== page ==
encountered in cases of occult primary, intractable pain or unusual clinical presentation such as
Of the epithelial tumors, the most common to metastasize to the gonad include prostate, lung,
gastrointestinal tract (including appendix, stomach and colon), and kidney, although tumors from
virtually any site may be encountered. While not an epithelial tumor, it is important to be aware that
metastases from malignant melanoma to the gonad (8%) are not rare.
Desmoplastic Small Round Cell Tumor:
Rare cases of this entity have been described in the scrotum in association with the paratesticular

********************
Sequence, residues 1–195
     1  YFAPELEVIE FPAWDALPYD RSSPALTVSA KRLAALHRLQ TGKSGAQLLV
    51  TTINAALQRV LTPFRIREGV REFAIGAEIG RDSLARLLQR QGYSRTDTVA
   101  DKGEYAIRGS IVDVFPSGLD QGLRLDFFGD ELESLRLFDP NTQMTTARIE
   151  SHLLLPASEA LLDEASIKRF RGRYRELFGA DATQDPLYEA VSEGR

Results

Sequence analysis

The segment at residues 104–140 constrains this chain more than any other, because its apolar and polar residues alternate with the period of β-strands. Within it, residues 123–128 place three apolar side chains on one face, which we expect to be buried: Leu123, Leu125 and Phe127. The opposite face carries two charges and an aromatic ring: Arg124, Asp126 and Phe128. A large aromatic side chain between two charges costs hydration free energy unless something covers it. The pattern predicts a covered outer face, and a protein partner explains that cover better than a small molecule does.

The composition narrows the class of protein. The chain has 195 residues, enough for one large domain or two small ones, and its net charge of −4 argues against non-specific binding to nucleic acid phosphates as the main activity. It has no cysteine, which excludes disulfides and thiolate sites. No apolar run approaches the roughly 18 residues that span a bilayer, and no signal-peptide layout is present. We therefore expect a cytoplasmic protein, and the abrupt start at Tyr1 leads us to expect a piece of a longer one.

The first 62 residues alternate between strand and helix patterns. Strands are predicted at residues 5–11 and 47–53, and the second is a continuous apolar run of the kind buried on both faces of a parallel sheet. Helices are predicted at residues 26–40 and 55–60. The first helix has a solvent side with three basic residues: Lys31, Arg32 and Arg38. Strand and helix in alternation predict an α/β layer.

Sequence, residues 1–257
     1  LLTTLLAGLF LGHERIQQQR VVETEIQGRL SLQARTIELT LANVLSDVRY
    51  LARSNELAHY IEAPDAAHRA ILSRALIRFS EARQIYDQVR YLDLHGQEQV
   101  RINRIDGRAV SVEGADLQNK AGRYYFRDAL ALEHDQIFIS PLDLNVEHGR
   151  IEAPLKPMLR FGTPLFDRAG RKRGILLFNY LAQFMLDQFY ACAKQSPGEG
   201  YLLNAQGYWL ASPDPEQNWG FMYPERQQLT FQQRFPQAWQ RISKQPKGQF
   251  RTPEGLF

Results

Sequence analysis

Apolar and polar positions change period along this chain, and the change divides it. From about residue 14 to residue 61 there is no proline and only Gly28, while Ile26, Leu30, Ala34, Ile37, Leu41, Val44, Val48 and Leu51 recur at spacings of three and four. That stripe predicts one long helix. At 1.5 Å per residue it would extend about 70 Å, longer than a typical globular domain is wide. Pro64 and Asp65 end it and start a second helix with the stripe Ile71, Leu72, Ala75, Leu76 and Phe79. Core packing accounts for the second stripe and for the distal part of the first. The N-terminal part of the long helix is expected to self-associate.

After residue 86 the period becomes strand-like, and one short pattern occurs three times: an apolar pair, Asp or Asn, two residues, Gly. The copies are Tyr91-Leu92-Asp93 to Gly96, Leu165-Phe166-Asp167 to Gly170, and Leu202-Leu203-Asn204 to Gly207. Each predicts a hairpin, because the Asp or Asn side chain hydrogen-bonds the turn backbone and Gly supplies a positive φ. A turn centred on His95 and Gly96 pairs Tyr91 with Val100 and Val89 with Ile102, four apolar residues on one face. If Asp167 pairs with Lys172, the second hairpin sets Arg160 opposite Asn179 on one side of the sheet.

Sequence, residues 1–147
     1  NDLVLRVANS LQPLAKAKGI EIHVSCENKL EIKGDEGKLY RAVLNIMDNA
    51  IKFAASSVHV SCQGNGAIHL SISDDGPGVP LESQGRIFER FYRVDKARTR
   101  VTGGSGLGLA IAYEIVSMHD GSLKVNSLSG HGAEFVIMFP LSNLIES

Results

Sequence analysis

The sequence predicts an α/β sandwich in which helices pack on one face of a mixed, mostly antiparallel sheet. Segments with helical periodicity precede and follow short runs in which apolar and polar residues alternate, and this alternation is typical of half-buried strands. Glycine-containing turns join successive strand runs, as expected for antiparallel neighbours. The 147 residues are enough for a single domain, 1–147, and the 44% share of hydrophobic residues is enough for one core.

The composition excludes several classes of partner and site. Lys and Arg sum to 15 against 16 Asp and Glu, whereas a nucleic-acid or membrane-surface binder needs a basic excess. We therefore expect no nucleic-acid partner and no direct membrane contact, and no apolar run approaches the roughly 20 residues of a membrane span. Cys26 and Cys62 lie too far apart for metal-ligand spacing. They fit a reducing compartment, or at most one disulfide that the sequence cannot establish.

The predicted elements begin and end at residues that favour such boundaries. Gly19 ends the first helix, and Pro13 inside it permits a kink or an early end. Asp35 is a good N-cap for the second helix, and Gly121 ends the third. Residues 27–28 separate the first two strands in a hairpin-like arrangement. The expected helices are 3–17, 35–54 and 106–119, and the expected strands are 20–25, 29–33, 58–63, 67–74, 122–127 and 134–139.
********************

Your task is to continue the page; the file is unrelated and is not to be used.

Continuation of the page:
As in other sites, patients tend to be young and present with a scrotal
mass which grossly is tan and firm. Microscopically one encounters the typical "small blue cells" with
scant cytoplasm, arranged in tight tubules or solid nests and associated with a dense fibrotic stroma. A
tumor-related microvascular proliferation is commonly encountered. Most cases have the typical
immunohistochemical profile of cytokeratin, vimentin and desmin positivity with negative staining for
S-100 protein, and CD-99. These are aggressive tumors which are likely to have positive regional lymph
node or systemic involvement at diagnosis. Despite recent successes with aggressive systemic therapy,
prognosis remains poor.  The differential diagnosis includes other tumors with "small blue
cells" such as lymphoma, rhabdomyosarcoma, and primitive neuroectodermal tumor (PNET). In the rare cases
with a tubular architecture, it is conceivable that other tumors such as mesothelioma or sertoli cell
tumor may enter in the differential diagnosis.